City Council has no formal meeting again this week (next session is Thursday, Nov. 12), although in the wake of last week's heavy rains, it's probably just as well. Mayor Steve Adler and several council members (notably District 2/Southeast's Delia Garza) were preoccupied with flood response, staying on top of the weather information and helping staff to get information and services to constituents. Council committees and appointed boards were also in session, with a couple of proposals wending their way to Council next week.
Although it hasn't yet arrived on the draft agenda, Adler's proposal for a disclosure ordinance addressing campaign "dark money" – of the sort that paid for a robo-call campaign against him in his 2014 mayoral run – sailed through the council's Audit and Finance Committee last week. Outside money was at least a presence in the 10-1 council campaign, although the South Forward PAC that funded anti-Adler robo-calls didn't make much of a dent in his momentum – at least partly because the mayor-to-be's personal kitty was insurmountable. Whether staff can draft an ordinance that foresees and forestalls what rich people can buy (especially in the era of Citizens United) is yet to be determined (see "Just How Super Is Your PAC?" Oct. 31, 2014).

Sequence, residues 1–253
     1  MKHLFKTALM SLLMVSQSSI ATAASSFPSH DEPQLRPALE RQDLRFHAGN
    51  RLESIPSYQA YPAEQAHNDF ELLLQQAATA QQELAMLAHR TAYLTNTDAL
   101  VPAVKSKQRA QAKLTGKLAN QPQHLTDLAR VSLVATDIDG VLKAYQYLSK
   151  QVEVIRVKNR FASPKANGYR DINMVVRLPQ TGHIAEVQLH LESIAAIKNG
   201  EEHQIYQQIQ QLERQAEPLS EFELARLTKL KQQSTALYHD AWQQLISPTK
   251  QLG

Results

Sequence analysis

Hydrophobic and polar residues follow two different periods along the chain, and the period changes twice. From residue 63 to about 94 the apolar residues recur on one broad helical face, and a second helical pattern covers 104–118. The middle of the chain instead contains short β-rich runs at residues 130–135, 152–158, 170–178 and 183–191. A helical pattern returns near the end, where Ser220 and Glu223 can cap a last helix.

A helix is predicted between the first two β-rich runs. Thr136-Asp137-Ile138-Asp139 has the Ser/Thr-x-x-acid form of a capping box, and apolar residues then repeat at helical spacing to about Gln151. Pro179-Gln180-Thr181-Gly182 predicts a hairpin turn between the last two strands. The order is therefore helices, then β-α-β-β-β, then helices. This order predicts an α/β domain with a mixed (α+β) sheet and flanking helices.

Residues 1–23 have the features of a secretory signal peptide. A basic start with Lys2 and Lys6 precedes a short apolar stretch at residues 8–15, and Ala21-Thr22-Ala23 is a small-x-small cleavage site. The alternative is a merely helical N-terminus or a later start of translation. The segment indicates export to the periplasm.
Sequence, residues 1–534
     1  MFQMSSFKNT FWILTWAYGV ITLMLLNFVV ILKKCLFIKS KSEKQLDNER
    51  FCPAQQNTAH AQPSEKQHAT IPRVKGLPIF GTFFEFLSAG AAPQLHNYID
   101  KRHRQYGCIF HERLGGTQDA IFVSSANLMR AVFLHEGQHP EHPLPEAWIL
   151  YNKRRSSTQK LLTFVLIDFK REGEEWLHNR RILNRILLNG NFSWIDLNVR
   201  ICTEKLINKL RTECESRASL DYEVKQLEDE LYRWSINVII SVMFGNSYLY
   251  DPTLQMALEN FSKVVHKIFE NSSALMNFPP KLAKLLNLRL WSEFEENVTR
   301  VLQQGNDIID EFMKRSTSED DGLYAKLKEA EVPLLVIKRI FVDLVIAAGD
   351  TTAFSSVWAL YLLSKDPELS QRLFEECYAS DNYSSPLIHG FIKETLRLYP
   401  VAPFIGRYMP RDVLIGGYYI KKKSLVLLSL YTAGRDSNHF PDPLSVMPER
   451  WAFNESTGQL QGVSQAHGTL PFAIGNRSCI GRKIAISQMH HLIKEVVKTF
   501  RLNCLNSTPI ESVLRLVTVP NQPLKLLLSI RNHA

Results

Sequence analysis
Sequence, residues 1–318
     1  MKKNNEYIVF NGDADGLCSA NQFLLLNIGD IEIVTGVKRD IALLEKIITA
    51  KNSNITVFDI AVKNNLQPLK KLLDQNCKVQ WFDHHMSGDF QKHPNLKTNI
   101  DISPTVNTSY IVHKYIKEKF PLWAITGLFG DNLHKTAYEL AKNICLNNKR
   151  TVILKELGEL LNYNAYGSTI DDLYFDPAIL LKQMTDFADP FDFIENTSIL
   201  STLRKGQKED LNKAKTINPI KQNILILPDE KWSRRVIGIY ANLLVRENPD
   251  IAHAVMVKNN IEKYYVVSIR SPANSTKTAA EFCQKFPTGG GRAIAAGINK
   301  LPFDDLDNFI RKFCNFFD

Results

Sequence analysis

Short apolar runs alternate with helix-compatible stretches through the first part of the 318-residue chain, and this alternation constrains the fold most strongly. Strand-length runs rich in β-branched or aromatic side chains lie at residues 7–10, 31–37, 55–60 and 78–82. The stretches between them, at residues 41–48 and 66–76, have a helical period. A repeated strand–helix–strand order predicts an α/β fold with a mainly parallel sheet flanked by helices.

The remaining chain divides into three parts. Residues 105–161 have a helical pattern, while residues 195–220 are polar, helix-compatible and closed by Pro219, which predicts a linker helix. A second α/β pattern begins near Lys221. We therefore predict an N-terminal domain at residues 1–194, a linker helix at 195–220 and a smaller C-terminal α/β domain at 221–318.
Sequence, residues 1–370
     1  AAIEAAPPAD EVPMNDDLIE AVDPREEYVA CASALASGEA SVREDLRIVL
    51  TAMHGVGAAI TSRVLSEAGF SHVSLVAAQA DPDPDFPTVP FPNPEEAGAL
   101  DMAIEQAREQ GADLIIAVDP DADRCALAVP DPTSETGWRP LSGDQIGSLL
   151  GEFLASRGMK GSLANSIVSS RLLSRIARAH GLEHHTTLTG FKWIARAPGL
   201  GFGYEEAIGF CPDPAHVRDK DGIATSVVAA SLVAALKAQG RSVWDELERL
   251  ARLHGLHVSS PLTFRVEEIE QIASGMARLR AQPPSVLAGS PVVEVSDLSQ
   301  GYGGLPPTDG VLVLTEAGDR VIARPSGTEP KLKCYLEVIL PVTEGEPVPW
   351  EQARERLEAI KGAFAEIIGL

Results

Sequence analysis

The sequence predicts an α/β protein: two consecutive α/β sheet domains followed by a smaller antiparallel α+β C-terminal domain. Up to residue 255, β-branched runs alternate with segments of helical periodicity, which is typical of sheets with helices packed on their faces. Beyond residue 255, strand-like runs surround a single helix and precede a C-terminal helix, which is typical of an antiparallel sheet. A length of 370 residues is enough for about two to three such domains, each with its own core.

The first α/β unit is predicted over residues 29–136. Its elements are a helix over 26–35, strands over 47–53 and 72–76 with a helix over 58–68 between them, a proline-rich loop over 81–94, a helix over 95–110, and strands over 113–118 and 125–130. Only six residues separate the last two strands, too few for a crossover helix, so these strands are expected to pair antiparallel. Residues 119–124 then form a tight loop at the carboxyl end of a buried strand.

Returning to the agenda are short-term rental regulations, specifically a one-year moratorium on licensing for new Type 2 (non-owner-occupied) STRs in most residential districts. This is not the whole megillah of restrictions approved by Council last month – those remain in staff development – but a stoppage of new city licenses (not including renewals) while a broader ordinance is in development. The proposal will receive an evening public hearing, so expect supporters and opponents to attend in force.
Also on the working agenda is a new Austin Energy rate structure for the utility's two largest industrial customers (average load of at least 20 megawatts) that has garnered some early heartburn, and a couple of contract renewals for outreach on Affordable Care Act marketplace sign-ups (for the Latino HealthCare Forum and Foundation Communities) that will likely garner backlash from CMs who reflexively oppose Obamacare.
And speaking of CM Don Zimmerman – fresh from his Travis County Taxpayers Union opposition to the county courthouse bonds, he's begun a new anti-government campaign, this one targeted at Austin Water, an agency for which he presumably shares some policy responsibility. With the help of a constituent's PR firm, the campaign is called "Show Us Your Manhole" – Zimmerman is asking people to monitor and photograph their water meters. "With this effort, frustrated city water utility customers can submit pictures of their undisturbed manhole covers through social media at the beginning and end of a month-long period to prove that their meters are not being read," reads his press release. "If the manhole cover remains undisturbed, then the city will have to explain why."
Whether any of these matters manage to evoke action next week is anybody's guess – the draft (and still incomplete) agenda features no less than 40 zoning cases, at least a few of them already contentious enough to garner intense neighborhood attention. If you're wagering, the over/under on adjournment should be about 9pm.
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